Scope of Practice
John A. Amaro D.C., FIAMA, Dipl.Ac. (NCCAOM)
Recently, as I was
deciding where I would be conducting my seminars on Asian healing, I began
to browse through a book which clearly spelled out each individual state's
scope of practice. What I learned was nauseating.
But the worst part of the scope of practice decrees I discovered was the vast number of states which hold the the use of venipuncture as "against the law." It is a pathetic state of affairs when we refer to ourselves as "physicians" in so many states and "doctors" in all of the others yet are forbidden by law to perform venipuncture.
The good news is that acupuncture is alive and well and may be practiced by a variety of non-invasive techniques as successfully as those who choose to puncture with a needle. In fact, in many instances, non-needle acupuncture is truly more beneficial as it is safer, faster, as effective, and more apt to produce referrals, as many people don't like the thought of needles stuck in them.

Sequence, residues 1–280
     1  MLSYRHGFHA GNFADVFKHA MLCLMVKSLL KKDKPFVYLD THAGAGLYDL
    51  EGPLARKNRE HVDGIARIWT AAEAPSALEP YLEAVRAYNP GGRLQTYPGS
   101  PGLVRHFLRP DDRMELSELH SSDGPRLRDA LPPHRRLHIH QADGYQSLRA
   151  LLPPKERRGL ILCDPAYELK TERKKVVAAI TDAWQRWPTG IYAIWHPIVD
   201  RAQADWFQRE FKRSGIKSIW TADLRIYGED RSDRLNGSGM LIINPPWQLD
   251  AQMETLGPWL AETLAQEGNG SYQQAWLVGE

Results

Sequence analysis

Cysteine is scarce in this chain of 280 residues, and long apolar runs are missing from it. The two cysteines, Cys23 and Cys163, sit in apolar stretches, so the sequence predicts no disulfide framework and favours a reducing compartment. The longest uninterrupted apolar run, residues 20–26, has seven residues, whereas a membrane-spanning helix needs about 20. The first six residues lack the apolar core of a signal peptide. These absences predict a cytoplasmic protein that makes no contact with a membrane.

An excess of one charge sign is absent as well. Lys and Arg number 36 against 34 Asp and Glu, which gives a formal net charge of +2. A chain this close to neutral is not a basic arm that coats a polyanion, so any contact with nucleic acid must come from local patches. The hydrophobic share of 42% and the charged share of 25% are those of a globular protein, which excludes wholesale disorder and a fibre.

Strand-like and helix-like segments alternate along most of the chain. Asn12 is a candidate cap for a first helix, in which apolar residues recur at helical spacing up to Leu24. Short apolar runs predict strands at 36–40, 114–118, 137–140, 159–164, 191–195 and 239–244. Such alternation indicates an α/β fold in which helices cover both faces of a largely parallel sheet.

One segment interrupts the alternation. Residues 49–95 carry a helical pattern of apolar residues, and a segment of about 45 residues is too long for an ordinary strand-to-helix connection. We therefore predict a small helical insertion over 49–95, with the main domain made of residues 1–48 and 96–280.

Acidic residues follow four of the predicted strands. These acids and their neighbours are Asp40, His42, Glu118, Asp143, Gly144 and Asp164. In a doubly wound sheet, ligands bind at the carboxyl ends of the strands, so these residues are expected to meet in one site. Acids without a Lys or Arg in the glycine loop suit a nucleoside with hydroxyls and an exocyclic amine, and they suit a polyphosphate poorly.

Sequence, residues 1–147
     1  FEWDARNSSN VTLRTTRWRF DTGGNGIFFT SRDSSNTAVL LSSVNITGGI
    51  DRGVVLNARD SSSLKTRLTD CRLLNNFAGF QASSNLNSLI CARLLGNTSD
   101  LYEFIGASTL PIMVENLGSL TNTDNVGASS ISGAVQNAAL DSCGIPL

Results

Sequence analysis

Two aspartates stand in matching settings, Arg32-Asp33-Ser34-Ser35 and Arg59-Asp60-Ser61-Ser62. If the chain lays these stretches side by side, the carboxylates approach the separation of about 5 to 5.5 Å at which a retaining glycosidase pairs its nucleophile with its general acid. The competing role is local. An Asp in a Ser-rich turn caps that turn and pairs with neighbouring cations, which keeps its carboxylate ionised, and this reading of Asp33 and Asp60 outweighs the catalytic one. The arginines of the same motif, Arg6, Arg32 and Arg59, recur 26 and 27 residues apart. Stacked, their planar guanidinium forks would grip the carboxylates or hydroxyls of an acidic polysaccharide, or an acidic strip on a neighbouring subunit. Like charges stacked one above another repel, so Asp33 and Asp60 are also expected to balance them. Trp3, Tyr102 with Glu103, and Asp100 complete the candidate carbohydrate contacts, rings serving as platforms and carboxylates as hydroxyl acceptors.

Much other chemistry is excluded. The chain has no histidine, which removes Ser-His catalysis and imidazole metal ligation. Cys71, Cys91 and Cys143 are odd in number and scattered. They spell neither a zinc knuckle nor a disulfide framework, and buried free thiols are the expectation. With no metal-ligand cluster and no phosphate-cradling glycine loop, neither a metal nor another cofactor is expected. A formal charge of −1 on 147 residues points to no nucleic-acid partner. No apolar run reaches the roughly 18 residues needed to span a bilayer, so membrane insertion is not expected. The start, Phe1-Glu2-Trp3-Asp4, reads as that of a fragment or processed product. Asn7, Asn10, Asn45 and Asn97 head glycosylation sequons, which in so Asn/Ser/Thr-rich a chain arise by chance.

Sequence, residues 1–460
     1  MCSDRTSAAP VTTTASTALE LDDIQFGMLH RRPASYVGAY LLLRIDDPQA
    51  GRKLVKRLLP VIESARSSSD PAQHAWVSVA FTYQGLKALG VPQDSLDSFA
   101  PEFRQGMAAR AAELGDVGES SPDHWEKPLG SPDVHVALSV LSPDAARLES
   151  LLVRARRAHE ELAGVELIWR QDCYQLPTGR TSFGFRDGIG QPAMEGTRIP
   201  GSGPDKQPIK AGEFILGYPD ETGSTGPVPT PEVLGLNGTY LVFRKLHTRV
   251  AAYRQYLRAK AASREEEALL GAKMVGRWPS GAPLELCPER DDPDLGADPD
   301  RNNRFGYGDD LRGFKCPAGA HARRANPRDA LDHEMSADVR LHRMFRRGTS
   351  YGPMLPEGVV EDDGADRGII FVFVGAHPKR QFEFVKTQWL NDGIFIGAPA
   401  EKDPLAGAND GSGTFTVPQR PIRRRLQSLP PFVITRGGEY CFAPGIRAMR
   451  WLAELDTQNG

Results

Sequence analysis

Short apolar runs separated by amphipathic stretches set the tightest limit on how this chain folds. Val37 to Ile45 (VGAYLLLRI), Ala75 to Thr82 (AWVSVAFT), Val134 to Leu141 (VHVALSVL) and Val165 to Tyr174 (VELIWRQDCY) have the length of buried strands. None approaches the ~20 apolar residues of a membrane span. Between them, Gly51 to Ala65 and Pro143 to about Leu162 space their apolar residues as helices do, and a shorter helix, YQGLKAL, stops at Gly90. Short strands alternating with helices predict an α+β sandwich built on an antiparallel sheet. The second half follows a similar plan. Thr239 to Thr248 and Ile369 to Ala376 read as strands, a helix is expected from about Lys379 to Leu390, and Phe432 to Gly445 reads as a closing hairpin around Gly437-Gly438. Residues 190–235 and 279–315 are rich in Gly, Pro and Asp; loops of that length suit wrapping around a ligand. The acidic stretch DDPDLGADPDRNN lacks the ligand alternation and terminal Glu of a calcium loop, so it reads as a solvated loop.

If your state allows for physiotherapy and you are a faithful reader of this column, then you owe it to yourself and your patients to begin using some of the points and techniques which I share with you through Dynamic Chiropractic.
Take a formal class in its use and begin to employ it with non-invasive techniques such as a non-piercing teishein or piezo electric stimulator, both of which are priced at under or at the cost of one adjustment in most parts of the country.
Continue to read this column and clip what appeals to you for further reference. Even if your "not into" acupuncture, you're "into" helping sick people regain their health.
I assure you that you will not be disappointed.